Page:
Revolution in Uzbekistan (Continued)
Three questions to Boris Petric, Centre National de la Recherche Scientifique
As a anthropological researcher looking into social institutions and organizations, you know the Ferghana Valley pretty well. Do you believe that the revolt in Andijan will spread to the rest of the country?
The events of Andijan reveal two different things: increasingly violent action by Islamists groups, fed up with repression and thousands of incarcerations, and popular exasperation at a régime which is becoming more and more unjust. Rising unemployment, lack of freedom and widespread corruption have exasperated the populace, who see no glimmer of relief on the horizon. Recent events there mark a turning point because they have caused two movements, which previously existed separately from one another, to join ranks. But it is doubtful that we will see a general uprising across the country given the terror to which the populace is subjected. There is no space in Uzbekistan right now to create an organized, nationwide protest movement
The Ferghana Valley has been a restive area since the end of the 1980s. A large number of religious figures have been imprisoned or forced into exile. The focus on Islam obscures a highly regionalized political system. For many, the power retained by President Karimov represents the influence of the Samarkand faction backing the President to the detriment of Ferghana. The Ferghani are doubtlessly going to feel even more marginalized.
Does the Islamist Factor trumpeted by the Uzbek authorities, who endlessly point to past terrorist acts (1999, 2000), really exist?
Islam Karimov gambled that economic success would to justify his authoritarian régime but the economic miracle did not take place. His repression of any form of protest focused on the political establishment does not offer the possibility for the emergence of an Uzbek opposition. The option of repression chosen by the government has only increased the audience for Islamist movements, which, however, remain limited. If the authorities continue to bar other forms of more moderate political expression then Islamist movements will continue to prosper given the disastrous economic climate.
Do there remain foreign influences in Central Asia which are financing the construction of mosques and religious schools as may have been the case during the 1990s?
Central Asia is undeniably a theatre for rivalry among different foreign influences, Islamist or otherwise. It is difficult to measure the extent of influence of Islamist movements in Uzbekistan but it is certain that, like Hizb-ut-Tahrir, a certain number of protagonists have links to transnational organizations active in other parts of the world with the aim of installing an Islamist régime.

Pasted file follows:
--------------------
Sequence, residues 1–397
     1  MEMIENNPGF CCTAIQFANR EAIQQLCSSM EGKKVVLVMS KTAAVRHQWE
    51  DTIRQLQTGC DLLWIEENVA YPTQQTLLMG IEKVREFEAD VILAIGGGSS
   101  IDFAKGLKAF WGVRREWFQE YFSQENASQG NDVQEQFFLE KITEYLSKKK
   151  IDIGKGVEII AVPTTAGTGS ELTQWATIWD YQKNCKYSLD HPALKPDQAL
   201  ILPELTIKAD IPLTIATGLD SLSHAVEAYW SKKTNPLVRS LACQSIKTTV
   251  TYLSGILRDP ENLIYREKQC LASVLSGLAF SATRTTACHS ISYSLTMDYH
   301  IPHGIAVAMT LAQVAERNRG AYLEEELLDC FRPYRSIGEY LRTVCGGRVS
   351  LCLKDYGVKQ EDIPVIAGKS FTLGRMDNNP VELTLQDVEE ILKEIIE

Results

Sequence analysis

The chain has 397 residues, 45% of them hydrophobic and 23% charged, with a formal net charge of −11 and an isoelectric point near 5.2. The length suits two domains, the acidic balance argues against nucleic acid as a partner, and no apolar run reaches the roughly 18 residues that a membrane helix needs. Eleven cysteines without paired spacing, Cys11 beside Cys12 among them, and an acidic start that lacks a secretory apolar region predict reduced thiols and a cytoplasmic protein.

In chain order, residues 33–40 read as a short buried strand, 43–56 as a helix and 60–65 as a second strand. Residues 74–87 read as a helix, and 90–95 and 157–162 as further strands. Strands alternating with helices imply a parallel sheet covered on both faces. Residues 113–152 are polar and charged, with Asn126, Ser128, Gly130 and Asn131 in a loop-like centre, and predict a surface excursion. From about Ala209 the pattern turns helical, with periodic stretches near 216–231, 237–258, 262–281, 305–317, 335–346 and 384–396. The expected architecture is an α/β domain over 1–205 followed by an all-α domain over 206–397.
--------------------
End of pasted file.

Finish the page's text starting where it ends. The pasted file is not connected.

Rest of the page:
Background on Hizb-ut-Tahrir
Who are the fanantical Islamists which the régime of Islam Karimov has set about to suppress throughout Uzbekistan? One thing is certain: between 7,000 and 10,000 people are in prison for their links to Hizb-ut-Tahrir (Liberation Party).
The reach of the organization, which appeared in the 1990s, is uncertain. It is difficult to asssess the number of sympathizers because the Uzbek judicial system throws people in jail whose only crime was to have been in primary school with one of the movement’s future militants.
Founded in Jordan in1953 as a radical alternative to the Muslim Brotherhood, Hizb-ut-Tahrir, which is active in Great Britain and on the Internet, is spreading across all of central Asia through a network of small underground cells. The cells distribute tracts flaying The Jew Karimov who they say has adopted Israeli methods through its collaboration with infidel nations such as the United States. Their goal is the creation of a caliphate through peaceful means. Until now, no act of violence has been successfully attributed to them.
The Uzbek authorities claim that Hizb-ut-Tahrir was responsbile for bombings in Tashkent in 1996 (15 dead) and in 2004 (47 dead). According to NGOs Amnesty International and Human Rights Watch, most of the Islamists put on trial were brought up on fabricated evidence. For this reason men in the Ferghana Valley, a bastion of traditional Islam, sew their pockets closed to prevent police from slipping something into them, like drugs. Contact, even at a distance, with a presumed fanatic is a crime. Entire families have been jailed.
Recently President Karimov has called into the spotlight the existence of a new Islamic movement, Akramia, said to be linked to Hizb-ut-Tahrir in the Ferghana. But its spiritual leader, Akram Yudachev, sentenced to 17 years in prison in 1999 for his presumed ties to the Tashkent bombings, is better known for his writings than for armed resistance. However, it was in his name that the May 12-13 attack on the Andijan military garrison was carried out and the prison gates flung open.